Fast Life, Fast Food-Josh Clyde

This week in class we were able to watch a very informative documentary about the relationship between income levels and health wellness in America.  In this documentary, people from different income levels, races, and communities were interviewed about their daily lives in order to give us an idea of their stress levels, income allocation, and access to health care.  Prior to watching this film, I had always thought that people who received higher levels of income, such as CEOs, had higher levels of stress and would be more prone to health problems because of it.  I had always believed the idea of the CEO having a heart attack at 45 to be a common occurrence.  After watching this film I realized that diet had a huge effect on the health of lower income people.  I always knew that cheaper food was usually more processed food and that health food had a higher price tag, but I had never connected the dots between income, diet and health.



A study done by Cornell University’s College of Human Ecology made a direct connection between lower income families with irregular working hours and/or the need to work more than one job and an increase in fast food consumption in the household.  This type of diet leads to childhood obesity and health problems for both the children and their parents.  Food that is prepared outside of the home tends to have a lower nutritional value than food prepared inside the home.  It has been found that these meal are usually higher in calories, fat, salt and sugar while containing a lower amount of fruits and vegetables.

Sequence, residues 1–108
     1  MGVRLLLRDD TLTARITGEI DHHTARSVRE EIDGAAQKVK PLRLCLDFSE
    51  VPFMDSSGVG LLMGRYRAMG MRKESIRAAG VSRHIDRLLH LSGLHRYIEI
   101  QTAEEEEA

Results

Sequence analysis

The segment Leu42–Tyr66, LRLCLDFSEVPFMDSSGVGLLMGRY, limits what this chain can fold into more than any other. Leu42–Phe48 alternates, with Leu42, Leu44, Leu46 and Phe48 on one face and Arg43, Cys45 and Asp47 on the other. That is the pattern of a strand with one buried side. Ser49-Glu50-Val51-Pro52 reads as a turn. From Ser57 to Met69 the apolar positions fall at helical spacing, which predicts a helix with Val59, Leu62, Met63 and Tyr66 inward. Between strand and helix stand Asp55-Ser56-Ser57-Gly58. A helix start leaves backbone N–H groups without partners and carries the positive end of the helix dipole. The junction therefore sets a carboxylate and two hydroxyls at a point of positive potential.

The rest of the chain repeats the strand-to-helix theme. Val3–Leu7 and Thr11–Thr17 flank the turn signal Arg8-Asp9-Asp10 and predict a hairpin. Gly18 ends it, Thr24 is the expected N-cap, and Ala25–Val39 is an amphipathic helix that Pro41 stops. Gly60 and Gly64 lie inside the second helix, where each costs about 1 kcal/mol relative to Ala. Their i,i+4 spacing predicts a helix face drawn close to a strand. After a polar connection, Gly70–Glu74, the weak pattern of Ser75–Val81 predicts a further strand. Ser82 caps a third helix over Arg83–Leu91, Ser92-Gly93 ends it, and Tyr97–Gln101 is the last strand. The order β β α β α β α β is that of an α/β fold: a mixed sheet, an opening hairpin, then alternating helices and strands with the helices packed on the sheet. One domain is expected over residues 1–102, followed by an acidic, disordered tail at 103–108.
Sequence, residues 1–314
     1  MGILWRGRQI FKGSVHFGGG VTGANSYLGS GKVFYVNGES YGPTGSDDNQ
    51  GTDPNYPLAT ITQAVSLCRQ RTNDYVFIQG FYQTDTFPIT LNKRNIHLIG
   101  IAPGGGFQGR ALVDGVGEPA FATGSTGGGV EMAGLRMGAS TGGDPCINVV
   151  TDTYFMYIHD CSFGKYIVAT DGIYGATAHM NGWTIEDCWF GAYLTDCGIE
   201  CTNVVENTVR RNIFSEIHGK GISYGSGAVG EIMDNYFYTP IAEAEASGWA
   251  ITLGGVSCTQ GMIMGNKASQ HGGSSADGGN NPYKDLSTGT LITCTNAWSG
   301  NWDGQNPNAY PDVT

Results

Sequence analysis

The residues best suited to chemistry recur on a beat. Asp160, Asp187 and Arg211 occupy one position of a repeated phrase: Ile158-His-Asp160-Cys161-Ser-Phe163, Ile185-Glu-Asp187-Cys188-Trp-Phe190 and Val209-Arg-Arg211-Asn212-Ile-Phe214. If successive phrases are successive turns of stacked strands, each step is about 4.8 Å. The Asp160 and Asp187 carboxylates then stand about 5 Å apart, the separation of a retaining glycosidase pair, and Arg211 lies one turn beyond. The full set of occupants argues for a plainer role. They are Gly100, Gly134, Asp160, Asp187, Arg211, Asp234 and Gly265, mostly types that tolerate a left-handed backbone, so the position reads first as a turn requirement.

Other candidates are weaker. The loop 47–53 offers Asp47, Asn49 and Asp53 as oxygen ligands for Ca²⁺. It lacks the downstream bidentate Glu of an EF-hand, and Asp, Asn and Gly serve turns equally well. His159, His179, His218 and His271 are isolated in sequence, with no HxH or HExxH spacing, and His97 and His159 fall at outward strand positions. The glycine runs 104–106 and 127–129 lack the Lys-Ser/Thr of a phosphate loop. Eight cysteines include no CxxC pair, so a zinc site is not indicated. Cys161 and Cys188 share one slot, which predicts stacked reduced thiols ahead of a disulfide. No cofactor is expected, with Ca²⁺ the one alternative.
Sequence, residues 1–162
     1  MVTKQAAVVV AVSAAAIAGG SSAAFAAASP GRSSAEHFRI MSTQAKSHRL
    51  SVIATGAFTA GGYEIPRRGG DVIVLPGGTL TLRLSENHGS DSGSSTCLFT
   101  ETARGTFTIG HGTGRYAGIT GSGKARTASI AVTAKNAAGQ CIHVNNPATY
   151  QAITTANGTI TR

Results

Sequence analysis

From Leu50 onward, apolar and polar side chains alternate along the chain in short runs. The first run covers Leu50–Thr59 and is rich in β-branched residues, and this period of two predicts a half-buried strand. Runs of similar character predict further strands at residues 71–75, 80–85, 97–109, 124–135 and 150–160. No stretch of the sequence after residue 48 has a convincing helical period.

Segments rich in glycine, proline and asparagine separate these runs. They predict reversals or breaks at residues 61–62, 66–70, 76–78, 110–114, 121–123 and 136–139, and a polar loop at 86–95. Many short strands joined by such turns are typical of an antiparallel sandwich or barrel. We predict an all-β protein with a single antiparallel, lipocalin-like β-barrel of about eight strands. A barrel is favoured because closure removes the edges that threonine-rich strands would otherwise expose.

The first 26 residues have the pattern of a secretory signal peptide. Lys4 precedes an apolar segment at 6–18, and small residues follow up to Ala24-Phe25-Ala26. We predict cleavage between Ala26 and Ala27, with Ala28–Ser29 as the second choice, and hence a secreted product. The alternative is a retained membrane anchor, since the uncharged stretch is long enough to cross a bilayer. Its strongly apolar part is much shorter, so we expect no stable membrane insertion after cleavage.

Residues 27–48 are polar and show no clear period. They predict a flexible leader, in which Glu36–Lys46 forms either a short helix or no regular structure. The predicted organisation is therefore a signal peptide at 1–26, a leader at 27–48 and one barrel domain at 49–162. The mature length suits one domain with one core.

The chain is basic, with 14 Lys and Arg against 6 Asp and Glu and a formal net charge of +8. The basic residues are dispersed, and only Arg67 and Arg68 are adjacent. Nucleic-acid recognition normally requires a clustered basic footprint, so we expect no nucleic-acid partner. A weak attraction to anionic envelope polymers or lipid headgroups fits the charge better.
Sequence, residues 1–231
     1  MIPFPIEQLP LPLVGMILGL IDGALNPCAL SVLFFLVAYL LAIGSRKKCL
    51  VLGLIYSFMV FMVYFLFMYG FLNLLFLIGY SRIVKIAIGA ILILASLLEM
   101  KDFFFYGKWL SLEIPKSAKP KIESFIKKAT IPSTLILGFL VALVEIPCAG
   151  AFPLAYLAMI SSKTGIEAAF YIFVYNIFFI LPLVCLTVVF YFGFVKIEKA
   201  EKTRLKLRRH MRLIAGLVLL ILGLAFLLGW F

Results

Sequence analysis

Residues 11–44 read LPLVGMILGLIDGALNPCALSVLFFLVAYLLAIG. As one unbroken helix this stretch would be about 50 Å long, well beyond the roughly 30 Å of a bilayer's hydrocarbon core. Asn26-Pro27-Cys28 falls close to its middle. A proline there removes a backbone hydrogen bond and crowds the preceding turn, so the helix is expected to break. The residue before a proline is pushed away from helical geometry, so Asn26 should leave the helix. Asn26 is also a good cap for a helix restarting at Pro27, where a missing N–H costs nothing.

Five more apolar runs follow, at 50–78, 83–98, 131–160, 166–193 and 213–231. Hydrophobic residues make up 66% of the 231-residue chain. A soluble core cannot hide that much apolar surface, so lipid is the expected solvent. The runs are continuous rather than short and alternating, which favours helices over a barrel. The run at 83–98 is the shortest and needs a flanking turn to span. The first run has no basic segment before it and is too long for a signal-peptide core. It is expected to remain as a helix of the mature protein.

I can definitely see the reasoning for fast food seeming like the easy answer for a parent who is working two jobs and trying to feed a family.  When my mom worked two jobs when I was a kid, she would come home at night with whatever she would pass on the way home.  As a child, I didn’t think anything of it, but even if I did understand what I was eating how could I ask anything more of a person who was coming home exhausted after a long day?  My mom wasn’t trying to provide an inadequate diet, and I honestly do not think she knew that she was at the time, but with a limited income and limited time, a fast life meant fast food.

Josh Clyde

Cornell University Study:


4 thoughts on “Fast Life, Fast Food-Josh Clyde

  1. It is truly tough to balance convenience and health. We push ourselves to succeed financially, but then do things that hurt us form a health and financial standpoint. Maybe we need to sit back, take stock of where we want to be and set new goals and standards of success.

    Mike Cappel

    Liked by 1 person

  2. I believe that the movie mentioned that in the lower-income district there was less access to grocery stores and much more access to fast food. However, it is usually much cheaper as well to prepare meals at home. It is unfortunate that many parents are forced to work two jobs and do not have the time to prepare a meal and even if they do, they may have limited access to groceries.

    -Courtney Snyder


  3. I can relate to this post and as a college student, I can relate to Mike’s above comment. Balancing my health and convenience is hard when eating breakfast and packing a lunch means getting up earlier than I already do to beat traffic before my morning classes. It’s definitely more convenient to grab something quick and cheap on campus in between classes. But as Mike said, it ultimately comes down to making the effort to try to set goals for ourselves and our health.

    Katie Clontz

    Liked by 1 person

  4. Interesting study,I agree with Courtney’s comment that it definitely adds up when you eat out every night. Grocery shopping and preparing your own meals can be less expensive in the long run and much healthier too.


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